Right after the release of Marlon James’ The Book of Night Women (Penguin Group, Feb. 2009), I wrote a review under the pen name jewhl, on Barnes & Noble.com. It’s been named “Most Helpful Review” at B&N.com. 🙂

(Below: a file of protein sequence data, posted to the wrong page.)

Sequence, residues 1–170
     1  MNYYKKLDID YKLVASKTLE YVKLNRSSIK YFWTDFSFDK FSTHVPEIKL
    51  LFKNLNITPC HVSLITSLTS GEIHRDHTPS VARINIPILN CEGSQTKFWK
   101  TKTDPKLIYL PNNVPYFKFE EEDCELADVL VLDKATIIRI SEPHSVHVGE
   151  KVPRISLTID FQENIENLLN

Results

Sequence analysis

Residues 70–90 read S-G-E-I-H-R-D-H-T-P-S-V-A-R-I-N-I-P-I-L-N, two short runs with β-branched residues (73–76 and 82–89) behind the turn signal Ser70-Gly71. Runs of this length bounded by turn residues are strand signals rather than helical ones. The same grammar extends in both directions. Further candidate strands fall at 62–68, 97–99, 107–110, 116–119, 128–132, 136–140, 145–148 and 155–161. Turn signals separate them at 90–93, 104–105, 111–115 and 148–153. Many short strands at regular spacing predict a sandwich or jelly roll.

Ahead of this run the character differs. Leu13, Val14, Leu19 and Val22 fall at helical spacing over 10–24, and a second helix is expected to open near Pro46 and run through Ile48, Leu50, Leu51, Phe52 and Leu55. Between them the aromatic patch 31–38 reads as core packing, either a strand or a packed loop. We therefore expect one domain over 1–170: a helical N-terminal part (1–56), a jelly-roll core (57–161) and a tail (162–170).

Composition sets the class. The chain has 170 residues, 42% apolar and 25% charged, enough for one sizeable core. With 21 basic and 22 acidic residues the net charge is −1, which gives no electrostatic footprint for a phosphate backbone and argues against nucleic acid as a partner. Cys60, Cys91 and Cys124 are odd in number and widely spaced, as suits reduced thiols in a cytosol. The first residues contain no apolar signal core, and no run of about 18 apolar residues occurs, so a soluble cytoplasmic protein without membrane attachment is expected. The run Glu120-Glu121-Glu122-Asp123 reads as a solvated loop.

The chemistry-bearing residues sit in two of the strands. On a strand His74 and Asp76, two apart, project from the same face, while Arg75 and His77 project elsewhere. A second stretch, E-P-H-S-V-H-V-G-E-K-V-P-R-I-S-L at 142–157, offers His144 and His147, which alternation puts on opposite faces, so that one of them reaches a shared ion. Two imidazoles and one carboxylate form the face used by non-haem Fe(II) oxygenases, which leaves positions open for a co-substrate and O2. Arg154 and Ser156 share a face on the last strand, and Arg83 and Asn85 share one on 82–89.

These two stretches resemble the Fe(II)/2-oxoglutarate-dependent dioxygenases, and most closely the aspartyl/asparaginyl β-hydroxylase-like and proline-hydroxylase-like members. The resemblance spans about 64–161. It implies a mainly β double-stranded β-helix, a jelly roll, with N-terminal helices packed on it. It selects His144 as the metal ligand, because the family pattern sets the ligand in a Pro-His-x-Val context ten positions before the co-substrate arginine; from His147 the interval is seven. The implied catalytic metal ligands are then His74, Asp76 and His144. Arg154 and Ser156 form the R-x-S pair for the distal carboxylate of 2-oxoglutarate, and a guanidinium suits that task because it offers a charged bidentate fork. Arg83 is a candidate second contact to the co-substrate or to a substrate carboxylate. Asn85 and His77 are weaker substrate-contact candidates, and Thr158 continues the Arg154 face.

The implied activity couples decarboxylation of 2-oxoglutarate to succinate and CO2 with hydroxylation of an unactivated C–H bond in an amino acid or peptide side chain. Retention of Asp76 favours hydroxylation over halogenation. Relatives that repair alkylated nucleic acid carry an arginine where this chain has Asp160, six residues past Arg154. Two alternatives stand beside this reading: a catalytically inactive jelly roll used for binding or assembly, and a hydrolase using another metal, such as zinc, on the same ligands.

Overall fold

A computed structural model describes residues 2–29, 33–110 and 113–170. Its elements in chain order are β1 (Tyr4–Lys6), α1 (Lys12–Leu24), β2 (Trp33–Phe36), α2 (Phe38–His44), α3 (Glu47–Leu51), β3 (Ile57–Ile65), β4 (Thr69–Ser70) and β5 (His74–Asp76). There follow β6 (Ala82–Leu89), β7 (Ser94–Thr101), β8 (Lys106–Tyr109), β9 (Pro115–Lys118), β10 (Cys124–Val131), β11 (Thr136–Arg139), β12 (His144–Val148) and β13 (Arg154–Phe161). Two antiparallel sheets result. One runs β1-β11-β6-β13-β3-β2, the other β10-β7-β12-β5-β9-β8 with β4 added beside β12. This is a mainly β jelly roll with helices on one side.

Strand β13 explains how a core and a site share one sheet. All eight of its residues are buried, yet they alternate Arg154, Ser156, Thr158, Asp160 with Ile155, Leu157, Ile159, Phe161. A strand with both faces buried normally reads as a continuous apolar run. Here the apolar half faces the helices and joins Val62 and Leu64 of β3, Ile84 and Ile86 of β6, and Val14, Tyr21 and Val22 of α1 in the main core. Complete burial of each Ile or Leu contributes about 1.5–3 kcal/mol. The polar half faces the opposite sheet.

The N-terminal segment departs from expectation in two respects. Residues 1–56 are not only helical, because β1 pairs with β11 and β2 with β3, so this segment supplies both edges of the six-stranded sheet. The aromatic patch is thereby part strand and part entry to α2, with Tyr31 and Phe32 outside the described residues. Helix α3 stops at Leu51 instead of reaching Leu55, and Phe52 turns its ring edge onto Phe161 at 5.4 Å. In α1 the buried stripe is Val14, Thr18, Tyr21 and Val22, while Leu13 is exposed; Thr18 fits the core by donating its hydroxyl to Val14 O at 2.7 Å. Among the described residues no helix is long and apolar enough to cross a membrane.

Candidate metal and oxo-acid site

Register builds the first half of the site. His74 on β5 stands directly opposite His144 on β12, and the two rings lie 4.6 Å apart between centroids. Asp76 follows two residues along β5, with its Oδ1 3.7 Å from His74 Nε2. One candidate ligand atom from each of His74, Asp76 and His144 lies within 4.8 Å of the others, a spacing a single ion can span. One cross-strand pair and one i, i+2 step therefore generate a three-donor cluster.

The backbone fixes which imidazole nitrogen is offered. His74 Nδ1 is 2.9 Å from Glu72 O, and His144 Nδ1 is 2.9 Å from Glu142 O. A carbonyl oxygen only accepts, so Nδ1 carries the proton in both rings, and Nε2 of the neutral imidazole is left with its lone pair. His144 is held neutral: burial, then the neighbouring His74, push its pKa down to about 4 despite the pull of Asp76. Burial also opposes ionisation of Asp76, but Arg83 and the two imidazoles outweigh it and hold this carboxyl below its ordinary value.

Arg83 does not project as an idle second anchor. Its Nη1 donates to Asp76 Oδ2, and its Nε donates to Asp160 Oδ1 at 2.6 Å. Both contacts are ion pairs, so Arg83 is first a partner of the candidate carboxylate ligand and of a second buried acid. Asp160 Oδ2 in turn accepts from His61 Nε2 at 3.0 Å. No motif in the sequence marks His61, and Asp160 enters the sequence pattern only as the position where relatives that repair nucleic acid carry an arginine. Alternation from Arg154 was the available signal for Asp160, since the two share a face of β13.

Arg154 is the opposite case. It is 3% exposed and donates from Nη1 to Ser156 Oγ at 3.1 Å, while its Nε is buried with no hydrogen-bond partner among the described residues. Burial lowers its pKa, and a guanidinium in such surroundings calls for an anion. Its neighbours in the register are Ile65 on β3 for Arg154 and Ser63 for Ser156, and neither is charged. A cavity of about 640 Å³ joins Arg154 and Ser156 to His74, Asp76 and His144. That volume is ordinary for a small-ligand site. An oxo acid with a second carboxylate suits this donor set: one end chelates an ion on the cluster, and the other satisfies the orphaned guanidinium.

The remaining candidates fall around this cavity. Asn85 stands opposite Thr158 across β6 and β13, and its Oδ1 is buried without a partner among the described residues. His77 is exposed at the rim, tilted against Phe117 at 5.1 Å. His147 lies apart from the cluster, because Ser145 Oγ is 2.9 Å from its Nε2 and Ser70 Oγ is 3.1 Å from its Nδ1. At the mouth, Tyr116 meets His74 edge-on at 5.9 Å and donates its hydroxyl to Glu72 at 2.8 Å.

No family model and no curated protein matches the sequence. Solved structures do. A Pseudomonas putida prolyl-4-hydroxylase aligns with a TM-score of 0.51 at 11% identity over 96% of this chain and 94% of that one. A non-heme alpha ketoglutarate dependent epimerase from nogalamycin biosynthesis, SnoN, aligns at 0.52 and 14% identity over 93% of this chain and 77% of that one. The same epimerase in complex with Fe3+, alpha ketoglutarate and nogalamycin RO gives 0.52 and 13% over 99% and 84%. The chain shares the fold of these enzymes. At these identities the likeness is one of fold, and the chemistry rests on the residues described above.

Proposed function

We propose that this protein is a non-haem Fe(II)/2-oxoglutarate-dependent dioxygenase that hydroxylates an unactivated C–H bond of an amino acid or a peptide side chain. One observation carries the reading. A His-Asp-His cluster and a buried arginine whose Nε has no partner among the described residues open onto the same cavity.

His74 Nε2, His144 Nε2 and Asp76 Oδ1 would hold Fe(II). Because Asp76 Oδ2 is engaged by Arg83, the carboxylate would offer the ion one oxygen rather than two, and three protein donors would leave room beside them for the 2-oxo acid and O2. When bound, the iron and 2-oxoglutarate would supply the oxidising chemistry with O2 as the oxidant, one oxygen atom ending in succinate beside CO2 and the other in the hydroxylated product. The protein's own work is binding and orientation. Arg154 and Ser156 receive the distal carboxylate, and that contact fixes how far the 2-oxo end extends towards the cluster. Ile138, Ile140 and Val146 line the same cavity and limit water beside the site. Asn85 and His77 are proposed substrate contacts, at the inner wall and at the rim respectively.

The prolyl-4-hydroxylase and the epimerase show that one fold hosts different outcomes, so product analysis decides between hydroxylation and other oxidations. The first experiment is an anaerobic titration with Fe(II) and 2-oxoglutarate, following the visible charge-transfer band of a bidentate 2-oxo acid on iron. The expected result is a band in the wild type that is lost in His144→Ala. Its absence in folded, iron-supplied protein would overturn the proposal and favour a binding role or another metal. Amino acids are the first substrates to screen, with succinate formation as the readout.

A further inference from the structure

If you are looking for an easy read and mindless entertainment, do not pick up this book. If, however, you are looking for something off-beat, poetic and substantial, this is a book for you. James absolutely delivers in his “The Book of Night Women.” The Jamaican dialect is lyrical – and, for anyone unfamiliar with this musical form of the English language – demands attention and concentration. Prosaic, and at the same time poetic, James’ novel focuses a microscope on the life of Lilith, a mulatto girl with green eyes born into slavery on a Jamaican sugar plantation at the end of the 18th century. The frequent slave revolts that were an almost perpetual way of life for slave and master provide a backdrop to this tale, as do the ever-present superstitions brought from Africa that permeated life on the plantations. This is a story of despair, sorrow, hope and triumph. Highly recommended!